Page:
Embarking on a short water taxi ride, we eagerly arrived on the beautiful island of Culatra. There we were met on the beach by the island’s president, Silvia Padinha.

Without wasting a moment, Silvia gracefully waded into the ocean, returning with a bag filled with live oysters. Moments later, she skillfully shucked one and graciously handed it to me, granting me the privilege of savouring the freshest oyster I have ever tasted.

However, Culatra’s allure extends beyond culinary delights. This island stands as a beacon of forward-thinking sustainability, driven by a community-based initiative that goes beyond oyster farming. The island itself is run by a cooperative that channels its farming proceeds back into the island community.

For example, the cooperative uses the money from oyster farming to fund local young businesses, feed the local elderly, and fund ecological projects. They are not just focused on the fishing industry, but rather, are more concerned with life on the island.

Fresh oysters in Algarve, Portugal © Dre Roelandt

Fresh oysters in Algarve, Portugal © Dre Roelandt

A seamless collaboration between local fishermen and dedicated scientists ensures the preservation of the island's delicate ecosystem. Together, they implement sustainable practices that safeguard the precious oyster species and maintain the pristine environment Culatra Island calls home.

Cultura, with its funky, charming traditional houses and pristine beaches, offers a unique blend of natural and cultural elements.

Stopping at the local bakery for a jusiuta (a flakey, custardy pastry), and taking in the serene village atmosphere and unspoiled nature, the island truly felt idyllic. I had a dinner of the morning catch at a local fish restaurant (which is co-owned by three siblings who live on the island).

Private tours are available through Portugal4U, and a percentage of the tour price goes directly to the island itself.

Taking a traditional cooking class

Tertúlia Algarvia is an organization committed to advancing the culinary arts, historical knowledge, and cultural heritage of the region. They provide an exciting array of culinary workshops and exhibitions.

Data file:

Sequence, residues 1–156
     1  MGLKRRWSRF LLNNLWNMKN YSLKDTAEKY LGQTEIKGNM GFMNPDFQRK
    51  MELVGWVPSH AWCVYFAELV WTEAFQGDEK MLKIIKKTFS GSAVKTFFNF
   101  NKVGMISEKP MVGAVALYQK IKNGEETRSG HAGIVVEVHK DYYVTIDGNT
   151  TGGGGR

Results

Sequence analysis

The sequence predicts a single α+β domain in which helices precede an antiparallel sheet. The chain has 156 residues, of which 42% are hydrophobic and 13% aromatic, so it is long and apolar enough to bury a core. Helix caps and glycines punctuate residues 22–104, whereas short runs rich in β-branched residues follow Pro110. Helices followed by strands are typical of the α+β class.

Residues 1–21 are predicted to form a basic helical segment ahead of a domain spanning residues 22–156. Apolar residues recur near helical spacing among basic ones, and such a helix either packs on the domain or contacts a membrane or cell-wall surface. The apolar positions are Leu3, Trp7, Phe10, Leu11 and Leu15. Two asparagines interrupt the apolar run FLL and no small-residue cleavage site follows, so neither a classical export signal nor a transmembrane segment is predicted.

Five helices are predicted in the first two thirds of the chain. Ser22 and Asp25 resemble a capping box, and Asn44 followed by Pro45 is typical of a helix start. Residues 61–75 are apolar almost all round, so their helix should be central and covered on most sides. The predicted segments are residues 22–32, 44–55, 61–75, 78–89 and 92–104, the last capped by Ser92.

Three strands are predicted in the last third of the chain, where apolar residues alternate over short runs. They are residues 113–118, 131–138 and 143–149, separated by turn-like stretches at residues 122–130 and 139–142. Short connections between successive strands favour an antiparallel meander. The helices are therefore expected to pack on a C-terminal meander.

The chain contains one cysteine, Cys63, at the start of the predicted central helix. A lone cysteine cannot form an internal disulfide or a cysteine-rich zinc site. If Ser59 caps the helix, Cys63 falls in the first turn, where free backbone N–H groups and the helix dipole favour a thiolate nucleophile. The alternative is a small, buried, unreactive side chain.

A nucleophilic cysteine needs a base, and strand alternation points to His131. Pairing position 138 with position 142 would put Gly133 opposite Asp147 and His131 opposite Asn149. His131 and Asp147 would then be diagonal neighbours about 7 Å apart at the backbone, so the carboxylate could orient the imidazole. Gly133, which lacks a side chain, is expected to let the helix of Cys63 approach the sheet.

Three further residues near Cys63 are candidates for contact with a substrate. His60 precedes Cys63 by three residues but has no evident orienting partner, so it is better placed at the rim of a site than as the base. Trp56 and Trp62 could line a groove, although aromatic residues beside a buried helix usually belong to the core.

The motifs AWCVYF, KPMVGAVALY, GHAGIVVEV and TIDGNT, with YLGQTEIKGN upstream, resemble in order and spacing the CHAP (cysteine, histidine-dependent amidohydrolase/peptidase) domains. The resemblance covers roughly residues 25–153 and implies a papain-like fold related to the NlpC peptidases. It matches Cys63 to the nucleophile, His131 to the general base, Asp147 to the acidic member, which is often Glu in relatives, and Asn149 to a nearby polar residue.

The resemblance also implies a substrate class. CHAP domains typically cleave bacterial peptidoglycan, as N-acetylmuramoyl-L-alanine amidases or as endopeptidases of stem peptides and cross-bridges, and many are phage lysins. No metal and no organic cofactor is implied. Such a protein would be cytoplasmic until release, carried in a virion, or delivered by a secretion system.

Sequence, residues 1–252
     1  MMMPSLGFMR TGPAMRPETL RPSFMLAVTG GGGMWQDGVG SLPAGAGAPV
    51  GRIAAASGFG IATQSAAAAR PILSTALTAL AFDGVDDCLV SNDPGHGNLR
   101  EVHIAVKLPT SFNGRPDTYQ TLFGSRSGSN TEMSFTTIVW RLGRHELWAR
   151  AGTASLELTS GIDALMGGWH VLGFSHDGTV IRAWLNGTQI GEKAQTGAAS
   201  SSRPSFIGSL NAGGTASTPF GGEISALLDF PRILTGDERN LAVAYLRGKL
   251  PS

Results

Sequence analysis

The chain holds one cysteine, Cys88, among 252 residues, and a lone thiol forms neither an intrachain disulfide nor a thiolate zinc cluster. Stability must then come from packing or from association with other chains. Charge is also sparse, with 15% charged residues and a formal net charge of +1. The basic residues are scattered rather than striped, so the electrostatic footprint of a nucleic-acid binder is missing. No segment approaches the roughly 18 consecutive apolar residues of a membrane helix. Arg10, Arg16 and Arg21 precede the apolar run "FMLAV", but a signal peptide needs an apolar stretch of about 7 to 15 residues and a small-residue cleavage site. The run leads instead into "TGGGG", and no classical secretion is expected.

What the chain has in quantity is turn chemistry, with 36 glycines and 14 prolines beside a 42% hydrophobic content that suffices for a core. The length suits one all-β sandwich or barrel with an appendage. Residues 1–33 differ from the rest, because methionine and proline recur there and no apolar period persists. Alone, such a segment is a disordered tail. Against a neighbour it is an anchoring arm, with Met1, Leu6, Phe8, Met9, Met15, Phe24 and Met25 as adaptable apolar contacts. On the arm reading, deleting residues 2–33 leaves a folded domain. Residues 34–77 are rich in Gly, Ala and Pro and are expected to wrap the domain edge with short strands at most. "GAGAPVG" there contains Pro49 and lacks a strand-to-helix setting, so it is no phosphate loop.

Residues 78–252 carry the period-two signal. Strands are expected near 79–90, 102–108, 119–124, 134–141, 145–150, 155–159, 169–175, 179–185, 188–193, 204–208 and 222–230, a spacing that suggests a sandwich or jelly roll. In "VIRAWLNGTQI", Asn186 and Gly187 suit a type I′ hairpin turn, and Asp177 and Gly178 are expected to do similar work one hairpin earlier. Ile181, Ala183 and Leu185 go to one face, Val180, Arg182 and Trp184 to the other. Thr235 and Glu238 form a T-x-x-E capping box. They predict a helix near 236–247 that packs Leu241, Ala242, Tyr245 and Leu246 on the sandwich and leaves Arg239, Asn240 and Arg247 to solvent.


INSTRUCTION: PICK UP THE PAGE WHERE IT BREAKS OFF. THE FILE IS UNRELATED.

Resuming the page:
The Cataplana workshop started with an extensive tour of the local market. Here our guide showed us how to select the finest ingredients.

This bustling marketplace itself was somewhat recently created in an effort to empower local farmers. We buy our fish and seafood from a market that traces its roots to a single humble fisherman who began by selling his own catch.

Cooking class in Algarve, Portugal © Dre Roelandt

Cooking class in Algarve, Portugal © Dre Roelandt

From there, we venture into a spacious restaurant, dividing ourselves into groups for an exciting endeavour of preparing our very own Cataplanas. A cataplana is a traditional Portuguese cooking utensil. It is essentially an ancient pressure cooker consisting of two hinged metal clamshell-shaped pans that are used to cook various seafood and meat dishes.

Our dish is made with local tomatoes, bell peppers, muscles, sea bass, prawns and more. The results were absolutely delicious. We dined together at a long table, savouring the fruits of our labour, accompanied by the perfect complement of local wines.

Tertúlia Algarvia offers cooking classes and cooking vacations through their website.

    Where to Stay in the Algarve:

  • For a peaceful country retreat, Hotel Rural Quinta do Marco is an excellent choice. Surrounded by 10,000 orange trees, this family-friendly hotel offers comfortable rooms (each one named after a local plant). The on-site restaurant is exceptional, providing an opportunity to savour delicious meals.
  • For a luxurious stay, Pousada Palacio de Estoi combines neo-classical and modern styles. Its palatial sitting rooms offer a great setting to unwind with a drink, while the sleek and beautiful pool overlooks the Algarve.

By promoting local communities, reinvigorating Portuguese traditions, and emphasizing sustainable tourism practices, the Algarve offers more than a beach or golf holiday. Feeling inspired to take your trip? See our Rough Guide to Portugal for inspiration and travel tips.

The stunning scenery of the Algarve © Dre Roelandt

The stunning scenery of the Algarve © Dre Roelandt

Planning your trip to Portugal

Our local experts can plan wonderful trips for you in Portugal. Simply get in touch when you would like to travel. We will then create a personalized itinerary, which you can amend until you are totally happy with every detail of the booking. All of our planned itineraries can be tailored to meet your specific needs.

We may earn commission when you click on links in this article, but this doesn’t influence our editorial standards. We only recommend services that we genuinely believe will enhance your travel experiences.

For further information on Portugal's Algarve, visit

Dre Roelandt

written by
Dre Roelandt

updated 17.04.2024

Dre Roelandt is originally from the United States but lives and works in Berlin, Germany. Dre is a freelance writer and artist with a passion for travelling. They are an in-house Content Editor at Rough Guides.